Real Estate Financing and Investing/Truth-in-Lending Law

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The National Consumer Credit Protection Act, referred to as the Truth-in-lending Act, became effective July 1,1969. Regulation Z, published by the Federal Reserve System to implement this law, requires lenders to make meaningful credit disclosures to individual borrowers for certain types of consumer loans. The regulation also applies to all advertising seeking to promote credit. This advertising is required to include specific credit information. Consumers are given information on credit costs both in total dollar amounts and in percentage terms. The intent of Congress was to assist consumers (residential, noninvestment customers) with their credit decisions by providing them with specific required disclosure and does not attempt to establish minimum or maximum interest rates or other charges.

To Whom Does Regulation Z Apply?[edit]

Regulation Z applies to a person (or business) who is classified as a "creditor". A creditor is one who regularly extends consumer credit that is either subject to a finance charge or is payable in more than four installments. A person regularly extends consumer credit only if it extended credit more than 25 times (or more than 5 times for transactions secured by a dwelling) in the preceding calendar year. If a person did not meet these numerical standards in the preceding calendar year, the numerical standards shall be applied to the current calendar year. Regulation Z also requires that the note signed by the consumer be payable on its face to the creditor. In other words, Regulation Z applies only to actual extenders, real estate broker or salesperson who helps arrange creative financing to sell a house, the broker salesperson would not have to comply with Regulation Z disclosure requirements.

What Transactions Are Covered?[edit]

All real estate lending transactions involving consumers are covered by Regulation Z. Except for real estate transactions, all credit extended in five or more installments and not in excess of $25,000 for personal, family, household or agricultural purposes is covered by the regulation. The regulation does not apply to credit extended to nonnatural persons such as corporations or governments, to credit extended for business and commercial purposes or for credit transactions with an SEC-registered broker for trading in securities and commodities. The regulation applies to new loans, refinancing or consolidation of loans. However, an assumption of a loan by a new borrower is exempt.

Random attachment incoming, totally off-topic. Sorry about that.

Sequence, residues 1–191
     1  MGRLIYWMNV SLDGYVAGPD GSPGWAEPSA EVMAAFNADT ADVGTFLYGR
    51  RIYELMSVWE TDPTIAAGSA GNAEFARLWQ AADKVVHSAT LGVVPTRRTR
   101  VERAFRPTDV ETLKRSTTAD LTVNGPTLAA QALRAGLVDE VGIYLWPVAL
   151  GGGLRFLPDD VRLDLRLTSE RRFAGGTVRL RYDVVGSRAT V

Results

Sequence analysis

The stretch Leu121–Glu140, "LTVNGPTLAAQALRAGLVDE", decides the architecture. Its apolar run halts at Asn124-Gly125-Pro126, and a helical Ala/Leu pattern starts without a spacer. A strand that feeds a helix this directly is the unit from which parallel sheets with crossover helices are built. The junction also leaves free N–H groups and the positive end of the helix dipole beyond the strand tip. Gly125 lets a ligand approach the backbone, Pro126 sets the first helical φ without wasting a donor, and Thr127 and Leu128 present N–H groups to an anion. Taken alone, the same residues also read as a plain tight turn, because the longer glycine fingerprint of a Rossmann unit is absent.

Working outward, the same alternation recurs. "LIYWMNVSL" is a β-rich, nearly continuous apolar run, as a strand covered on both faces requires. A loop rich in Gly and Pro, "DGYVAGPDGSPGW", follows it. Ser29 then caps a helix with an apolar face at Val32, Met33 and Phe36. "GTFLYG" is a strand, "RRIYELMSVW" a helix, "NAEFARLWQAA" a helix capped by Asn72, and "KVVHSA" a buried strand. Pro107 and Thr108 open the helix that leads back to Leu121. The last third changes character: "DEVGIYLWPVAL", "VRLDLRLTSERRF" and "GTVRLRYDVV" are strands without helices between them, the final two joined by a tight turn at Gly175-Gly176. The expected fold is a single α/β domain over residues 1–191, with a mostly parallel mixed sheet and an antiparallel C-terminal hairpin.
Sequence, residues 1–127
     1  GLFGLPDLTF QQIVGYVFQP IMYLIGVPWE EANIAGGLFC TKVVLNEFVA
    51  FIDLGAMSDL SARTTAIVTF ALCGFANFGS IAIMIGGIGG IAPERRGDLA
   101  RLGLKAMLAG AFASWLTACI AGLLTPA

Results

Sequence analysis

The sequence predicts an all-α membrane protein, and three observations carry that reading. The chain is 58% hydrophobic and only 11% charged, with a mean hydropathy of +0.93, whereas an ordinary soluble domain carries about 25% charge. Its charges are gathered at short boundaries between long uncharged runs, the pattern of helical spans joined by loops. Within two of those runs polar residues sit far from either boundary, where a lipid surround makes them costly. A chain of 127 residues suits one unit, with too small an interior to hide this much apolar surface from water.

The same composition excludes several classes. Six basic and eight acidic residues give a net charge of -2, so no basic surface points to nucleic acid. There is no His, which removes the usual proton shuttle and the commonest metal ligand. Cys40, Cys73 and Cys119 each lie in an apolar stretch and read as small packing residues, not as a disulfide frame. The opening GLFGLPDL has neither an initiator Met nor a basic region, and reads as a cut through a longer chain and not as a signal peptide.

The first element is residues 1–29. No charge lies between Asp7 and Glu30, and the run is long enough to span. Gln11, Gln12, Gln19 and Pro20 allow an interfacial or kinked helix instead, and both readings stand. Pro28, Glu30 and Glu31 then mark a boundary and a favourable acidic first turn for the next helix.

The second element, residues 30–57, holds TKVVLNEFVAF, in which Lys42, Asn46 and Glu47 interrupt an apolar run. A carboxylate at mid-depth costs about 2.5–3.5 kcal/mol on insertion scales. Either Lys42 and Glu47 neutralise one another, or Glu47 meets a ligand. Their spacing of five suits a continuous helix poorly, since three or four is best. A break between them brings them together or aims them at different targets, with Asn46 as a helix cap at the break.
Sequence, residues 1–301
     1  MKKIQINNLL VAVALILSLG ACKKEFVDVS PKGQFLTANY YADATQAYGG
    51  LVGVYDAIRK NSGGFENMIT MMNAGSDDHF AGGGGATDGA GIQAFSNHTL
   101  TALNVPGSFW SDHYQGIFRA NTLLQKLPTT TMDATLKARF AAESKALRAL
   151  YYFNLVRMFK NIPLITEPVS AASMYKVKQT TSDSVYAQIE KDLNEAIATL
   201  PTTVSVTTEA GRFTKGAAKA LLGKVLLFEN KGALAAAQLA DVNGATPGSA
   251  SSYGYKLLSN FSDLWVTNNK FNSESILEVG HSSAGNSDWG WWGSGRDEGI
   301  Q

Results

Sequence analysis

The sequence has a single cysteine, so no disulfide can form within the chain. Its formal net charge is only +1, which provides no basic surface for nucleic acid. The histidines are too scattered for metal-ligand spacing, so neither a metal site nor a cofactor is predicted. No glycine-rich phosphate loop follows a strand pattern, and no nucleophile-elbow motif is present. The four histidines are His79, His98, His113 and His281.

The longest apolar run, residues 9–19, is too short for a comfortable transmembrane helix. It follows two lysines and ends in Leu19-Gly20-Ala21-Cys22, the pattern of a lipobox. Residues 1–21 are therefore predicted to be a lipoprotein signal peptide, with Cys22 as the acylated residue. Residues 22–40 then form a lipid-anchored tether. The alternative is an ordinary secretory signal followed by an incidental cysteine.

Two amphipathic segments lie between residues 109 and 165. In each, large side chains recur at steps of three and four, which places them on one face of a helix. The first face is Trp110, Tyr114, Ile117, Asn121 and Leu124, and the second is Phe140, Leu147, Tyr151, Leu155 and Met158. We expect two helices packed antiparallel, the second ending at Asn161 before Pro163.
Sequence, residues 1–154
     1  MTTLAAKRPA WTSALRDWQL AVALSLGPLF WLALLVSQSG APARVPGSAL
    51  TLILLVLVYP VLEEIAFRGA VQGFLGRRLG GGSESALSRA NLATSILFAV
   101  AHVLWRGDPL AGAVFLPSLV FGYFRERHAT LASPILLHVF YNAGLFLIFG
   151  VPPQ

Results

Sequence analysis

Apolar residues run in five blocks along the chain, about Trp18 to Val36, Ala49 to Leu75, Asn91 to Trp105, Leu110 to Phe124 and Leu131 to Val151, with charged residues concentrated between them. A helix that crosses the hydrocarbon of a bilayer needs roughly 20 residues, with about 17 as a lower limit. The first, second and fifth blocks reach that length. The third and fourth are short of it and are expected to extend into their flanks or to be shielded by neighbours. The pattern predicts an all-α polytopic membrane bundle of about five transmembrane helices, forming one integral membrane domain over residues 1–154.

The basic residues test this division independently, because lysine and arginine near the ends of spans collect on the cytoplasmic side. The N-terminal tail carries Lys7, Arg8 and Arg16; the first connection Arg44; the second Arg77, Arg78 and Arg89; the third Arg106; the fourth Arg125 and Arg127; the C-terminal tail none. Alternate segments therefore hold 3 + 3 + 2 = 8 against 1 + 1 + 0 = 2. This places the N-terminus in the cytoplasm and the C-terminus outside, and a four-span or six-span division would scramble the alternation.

Notice that Regulation Z applies to consumer real estate transactions. Would a loan to renovate an apartment building be covered by the regulation? Since an apartment building is normally a business to collect rents from tenants, this would not be deemed a consumer transaction. Thus, the loan would be exempt from Regulation Z reporting requirements.

What Information Must Be Disclosed?[edit]

The law requires a lender to make several types of credit information disclosures. Two important disclosures include the finance charge and the annual percentage rate (APR). The finance charge includes a disclosure of the following: interest, finder and origination fees, discount points, service charges, credit report fees and other charges paid by the consumer directly or indirectly which are imposed as an incident to the extension of credit. Certain fees which are not in fact additional finance charges are exempt. These charges may include various title examination fees, escrow requirements and appraisal fees.

To determine the charges which are covered or exempt, Regulation Z should be examined by anyone extending credit to consumers. (Note: this includes brokers, professionals and craftsmen as will as financial intermediaries, unless exempt.) The APR is the yearly cost of credit stated to the nearest one-eighth of 1 percentage point in regular transactions and the nearest one-fourth of 1 percentage point in irregular transactions.

A transaction is irregular if repayment is in uneven amounts or the loan is made in multiple advances. The APR is usually different from the contract or nominal rate of interest and includes the impact on the effective rate from discount points and other charges. The calculation of the APR is complex and involves the use of actuarial tables which are available from the Federal Reserve and member banks.


Tom borrows $1,000 from Holly which is repayable in one payment at the end of the year. The loan is to finance a real estate purchase. They agree to a contract rate of 10% plus four discount points. What is the APR?

Actual Amount Borrowed:
1,000 - $40 (discount points) = $960

Amount to be paid back:
$1,000 + $100 (contract interest) = $1,100

Actual Interest:
$1,100 - $960 = $140
$140 / $960 = 14.58%

This calculation would differ depending on the term of the loan and the amortization period. If the interest is collected in the beginning, the APR could be twice the contract rate. If the loan involves variable payments, then the creditor must disclose how the payments may change, including the index that is being used, limitations on increases and an example illustrating how payments would change in a given increase.

In addition to the finance charge and the APR, anyone extending credit must also disclose such information as the number, amount and time that the installments are due, description of the penalties and charges for prepayment and the description of the security which is used as collateral, as in refinancing or using a second mortgage to obtain equity. The consumer has three business days to rescind (cancel) the credit transaction. This right of rescission does not apply to credit which was used to purchase the home originally.